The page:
Hurricane Katrina Had No Silver Lining!

By: Paul Kasriel | Wed, Aug 31, 2005
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Inevitably, some perky economic analyst is going to say that despite the death and destruction Hurricane Katrina visited on the poor souls who populate Gulf coasts of Alabama, Mississippi and Louisiana, it had a "silver lining" as it will stimulate economic activity via new building, clean-up, etc. Balderdash! Katrina contained no silver lining. Firstly, there is never any silver lining to the death and injury of human beings. Secondly, although there will be expenditures made to clean up the mess and rebuild damaged/destroyed structures, there will be other expenditures not made that otherwise would have. I doubt that folks will be going to the movies or on vacation as much now that they have to spend more on rebuilding. There will be a change in the composition of spending, not in its total. Government disaster aid represents a redistribution of income. So, the givers of aid spend less and the receivers spend more - net, net, a wash. Thirdly, there has been a loss of real wealth. Katrina represented accelerated depreciation. Structures and other tangible assets were destroyed. That means that the services or "income" these tangible assets produced - shelter, transportation - have disappeared. The production of capital assets entails the postponement of current consumption. So, some people are going to have to defer current consumption so that finite resources can be used to reproduce capital assets. If hurricanes or other natural disasters contained economic silver linings, we wouldn't have to wait for Mother Nature's serendipities. We could create man-made ones. Short of wars, which destroy not only physical capital but human capital, too, we could blow-up neighborhoods after giving residents a "heads up" to gather their mementos and vacate their homes. Wow! Think of all the economic activity we could generate. This concept of man-made disasters as good for the economy sounds silly, doesn't it? No sillier than the analysts who will declare that there is an economic silver lining in Hurricane Katrina.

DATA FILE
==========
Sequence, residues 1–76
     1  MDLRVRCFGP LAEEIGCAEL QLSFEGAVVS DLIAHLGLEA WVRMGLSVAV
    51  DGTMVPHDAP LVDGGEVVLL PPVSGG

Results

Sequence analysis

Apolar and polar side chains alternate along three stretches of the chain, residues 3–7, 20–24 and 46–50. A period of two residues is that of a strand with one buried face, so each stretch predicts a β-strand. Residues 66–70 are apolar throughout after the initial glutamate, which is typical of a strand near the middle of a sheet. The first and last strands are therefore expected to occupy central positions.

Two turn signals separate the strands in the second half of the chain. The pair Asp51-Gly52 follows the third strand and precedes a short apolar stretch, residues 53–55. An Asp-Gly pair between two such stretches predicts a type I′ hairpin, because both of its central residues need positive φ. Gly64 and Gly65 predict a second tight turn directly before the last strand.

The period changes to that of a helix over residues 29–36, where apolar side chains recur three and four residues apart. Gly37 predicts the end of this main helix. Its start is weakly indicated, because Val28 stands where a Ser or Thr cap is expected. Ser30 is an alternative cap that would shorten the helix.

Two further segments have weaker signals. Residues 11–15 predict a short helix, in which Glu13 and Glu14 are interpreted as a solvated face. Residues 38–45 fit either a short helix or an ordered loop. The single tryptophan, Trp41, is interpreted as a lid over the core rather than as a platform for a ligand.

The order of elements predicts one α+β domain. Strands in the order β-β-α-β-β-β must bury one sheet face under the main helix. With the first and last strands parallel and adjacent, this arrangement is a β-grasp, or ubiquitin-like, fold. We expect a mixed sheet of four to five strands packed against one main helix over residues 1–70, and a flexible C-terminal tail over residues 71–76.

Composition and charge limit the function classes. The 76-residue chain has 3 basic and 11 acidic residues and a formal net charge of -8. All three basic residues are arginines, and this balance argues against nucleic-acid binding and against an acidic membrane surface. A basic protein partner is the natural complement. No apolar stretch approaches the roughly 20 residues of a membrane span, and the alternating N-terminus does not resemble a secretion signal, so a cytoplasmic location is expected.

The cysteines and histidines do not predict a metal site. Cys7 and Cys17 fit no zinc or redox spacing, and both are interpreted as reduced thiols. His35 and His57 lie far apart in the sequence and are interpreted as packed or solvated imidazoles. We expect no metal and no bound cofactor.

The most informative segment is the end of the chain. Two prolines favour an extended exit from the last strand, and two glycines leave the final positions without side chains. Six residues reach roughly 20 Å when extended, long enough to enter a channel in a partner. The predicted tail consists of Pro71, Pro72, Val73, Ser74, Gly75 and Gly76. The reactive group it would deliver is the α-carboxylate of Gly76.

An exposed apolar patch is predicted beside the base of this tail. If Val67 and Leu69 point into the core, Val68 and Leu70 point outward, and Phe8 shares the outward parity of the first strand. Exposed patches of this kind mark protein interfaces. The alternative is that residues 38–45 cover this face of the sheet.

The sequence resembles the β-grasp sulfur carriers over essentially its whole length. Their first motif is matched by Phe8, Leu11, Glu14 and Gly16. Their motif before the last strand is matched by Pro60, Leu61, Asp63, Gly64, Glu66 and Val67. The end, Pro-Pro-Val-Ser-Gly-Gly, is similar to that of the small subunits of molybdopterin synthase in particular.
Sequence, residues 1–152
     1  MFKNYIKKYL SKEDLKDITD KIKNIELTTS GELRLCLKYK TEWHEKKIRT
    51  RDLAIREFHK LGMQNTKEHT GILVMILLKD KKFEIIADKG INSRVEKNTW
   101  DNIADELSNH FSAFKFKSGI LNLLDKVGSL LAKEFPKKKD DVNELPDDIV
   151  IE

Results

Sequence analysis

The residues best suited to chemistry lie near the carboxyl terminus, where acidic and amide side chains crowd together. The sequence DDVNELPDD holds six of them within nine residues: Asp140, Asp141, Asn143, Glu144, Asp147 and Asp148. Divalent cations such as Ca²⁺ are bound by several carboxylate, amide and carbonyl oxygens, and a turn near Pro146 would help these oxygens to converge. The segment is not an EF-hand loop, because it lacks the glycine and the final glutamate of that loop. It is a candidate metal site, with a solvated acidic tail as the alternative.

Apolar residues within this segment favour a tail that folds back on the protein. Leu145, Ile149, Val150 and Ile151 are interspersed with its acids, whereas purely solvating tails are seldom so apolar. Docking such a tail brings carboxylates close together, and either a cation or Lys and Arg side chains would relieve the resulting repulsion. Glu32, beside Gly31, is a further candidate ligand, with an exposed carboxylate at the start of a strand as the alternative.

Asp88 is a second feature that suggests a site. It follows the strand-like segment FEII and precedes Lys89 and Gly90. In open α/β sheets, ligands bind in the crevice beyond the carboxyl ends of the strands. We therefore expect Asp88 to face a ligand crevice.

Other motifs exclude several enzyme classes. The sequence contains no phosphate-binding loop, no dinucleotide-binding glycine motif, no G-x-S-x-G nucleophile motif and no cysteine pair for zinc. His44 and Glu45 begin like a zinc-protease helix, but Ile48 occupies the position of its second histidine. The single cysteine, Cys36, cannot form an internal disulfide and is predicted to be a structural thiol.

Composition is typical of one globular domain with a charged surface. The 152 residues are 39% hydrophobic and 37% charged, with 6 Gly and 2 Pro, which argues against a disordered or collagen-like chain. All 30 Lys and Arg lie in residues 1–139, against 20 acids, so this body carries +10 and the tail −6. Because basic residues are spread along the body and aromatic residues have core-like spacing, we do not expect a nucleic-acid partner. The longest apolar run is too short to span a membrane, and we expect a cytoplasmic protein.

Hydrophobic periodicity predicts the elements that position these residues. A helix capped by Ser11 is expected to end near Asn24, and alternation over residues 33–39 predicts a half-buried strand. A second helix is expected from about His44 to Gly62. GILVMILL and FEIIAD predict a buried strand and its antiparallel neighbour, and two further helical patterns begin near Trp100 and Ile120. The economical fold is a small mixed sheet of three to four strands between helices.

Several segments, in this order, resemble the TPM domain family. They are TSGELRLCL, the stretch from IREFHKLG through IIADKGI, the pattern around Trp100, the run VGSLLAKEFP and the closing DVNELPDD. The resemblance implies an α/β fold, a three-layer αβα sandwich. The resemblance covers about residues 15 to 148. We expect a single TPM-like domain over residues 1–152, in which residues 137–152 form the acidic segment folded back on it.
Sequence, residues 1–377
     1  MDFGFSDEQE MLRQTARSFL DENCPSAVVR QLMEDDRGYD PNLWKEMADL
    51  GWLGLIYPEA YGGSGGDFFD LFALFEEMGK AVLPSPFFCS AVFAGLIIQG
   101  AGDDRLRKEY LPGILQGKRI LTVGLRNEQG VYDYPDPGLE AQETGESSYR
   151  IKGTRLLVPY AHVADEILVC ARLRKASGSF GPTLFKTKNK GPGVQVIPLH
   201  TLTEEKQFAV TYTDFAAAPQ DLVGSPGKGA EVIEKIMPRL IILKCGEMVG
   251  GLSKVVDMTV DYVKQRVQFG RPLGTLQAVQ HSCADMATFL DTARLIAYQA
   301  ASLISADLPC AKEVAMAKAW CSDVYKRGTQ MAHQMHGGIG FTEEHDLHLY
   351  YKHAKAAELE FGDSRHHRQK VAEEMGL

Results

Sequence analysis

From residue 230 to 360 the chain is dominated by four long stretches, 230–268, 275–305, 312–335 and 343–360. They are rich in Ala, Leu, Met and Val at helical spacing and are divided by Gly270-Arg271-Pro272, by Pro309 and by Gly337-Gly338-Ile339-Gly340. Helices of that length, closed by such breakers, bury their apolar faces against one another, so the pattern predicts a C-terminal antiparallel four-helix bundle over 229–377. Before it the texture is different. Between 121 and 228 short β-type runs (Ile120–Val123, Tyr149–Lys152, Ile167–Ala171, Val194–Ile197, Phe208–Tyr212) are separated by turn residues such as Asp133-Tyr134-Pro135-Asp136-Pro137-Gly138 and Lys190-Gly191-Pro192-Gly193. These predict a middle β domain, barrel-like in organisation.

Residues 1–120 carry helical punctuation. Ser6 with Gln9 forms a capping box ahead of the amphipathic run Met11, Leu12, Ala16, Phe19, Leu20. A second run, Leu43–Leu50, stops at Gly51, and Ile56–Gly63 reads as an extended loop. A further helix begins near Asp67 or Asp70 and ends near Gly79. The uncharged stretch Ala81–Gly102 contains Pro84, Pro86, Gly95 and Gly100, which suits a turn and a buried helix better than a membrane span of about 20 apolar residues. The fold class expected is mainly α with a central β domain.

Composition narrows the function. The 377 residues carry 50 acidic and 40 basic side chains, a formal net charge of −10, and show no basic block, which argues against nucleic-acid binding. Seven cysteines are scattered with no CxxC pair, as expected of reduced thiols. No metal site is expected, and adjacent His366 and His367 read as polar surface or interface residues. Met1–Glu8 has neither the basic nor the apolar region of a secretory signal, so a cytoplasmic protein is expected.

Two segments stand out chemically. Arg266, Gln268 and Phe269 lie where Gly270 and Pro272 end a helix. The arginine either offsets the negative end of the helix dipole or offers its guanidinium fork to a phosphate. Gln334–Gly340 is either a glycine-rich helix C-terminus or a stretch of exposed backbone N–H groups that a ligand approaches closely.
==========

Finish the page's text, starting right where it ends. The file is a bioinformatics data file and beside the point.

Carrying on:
Paul Kasriel

Author: Paul Kasriel

Paul L. Kasriel
Director of Economic Research
The Northern Trust Company
Economic Research Department
Positive Economic Commentary
"The economics of what is, rather than what you might like it to be."
50 South LaSalle Street, Chicago, Illinois 60675

Paul Kasriel

Paul joined the economic research unit of The Northern Trust Company in 1986 as Vice President and Economist, being named Senior Vice President and Director of Economic Research in 2000. His economic and interest rate forecasts are used both internally and by clients. The accuracy of the Economic Research Department's forecasts has consistently been highly-ranked in the Blue Chip survey of about 50 forecasters over the years. To that point, Paul received the prestigious 2006 Lawrence R. Klein Award for having the most accurate economic forecast among the Blue Chip survey participants for the years 2002 through 2005. The accuracy of Paul's 2008 economic forecast was ranked in the top five of The Wall Street Journal survey panel of economists. In January 2009, The Wall Street Journal and Forbes cited Paul as one of the few who identified early on the formation of the housing bubble and foresaw the economic and financial market havoc that would ensue after the bubble inevitably burst. Through written commentaries containing his straightforward and often nonconsensus analysis of economic and financial market issues, Paul has developed a loyal following in the financial community. The Northern's economic website was listed as one of the top ten most interesting by The Wall Street Journal. Paul is the co-author of a book entitled Seven Indicators That Move Markets.

Paul began his career as a research economist at the Federal Reserve Bank of Chicago. He has taught courses in finance at the DePaul University Kellstadt Graduate School of Business and at the Northwestern University Kellogg Graduate School of Management. Paul serves on the Economic Advisory Committee of the American Bankers Association.

The opinions expressed herein are those of the author and do not necessarily represent the views of The Northern Trust Company. The information herein is based on sources which The Northern Trust Company believes to be reliable, but we cannot warrant its accuracy or completeness. Such information is subject to change and is not intended to influence your investment decisions.

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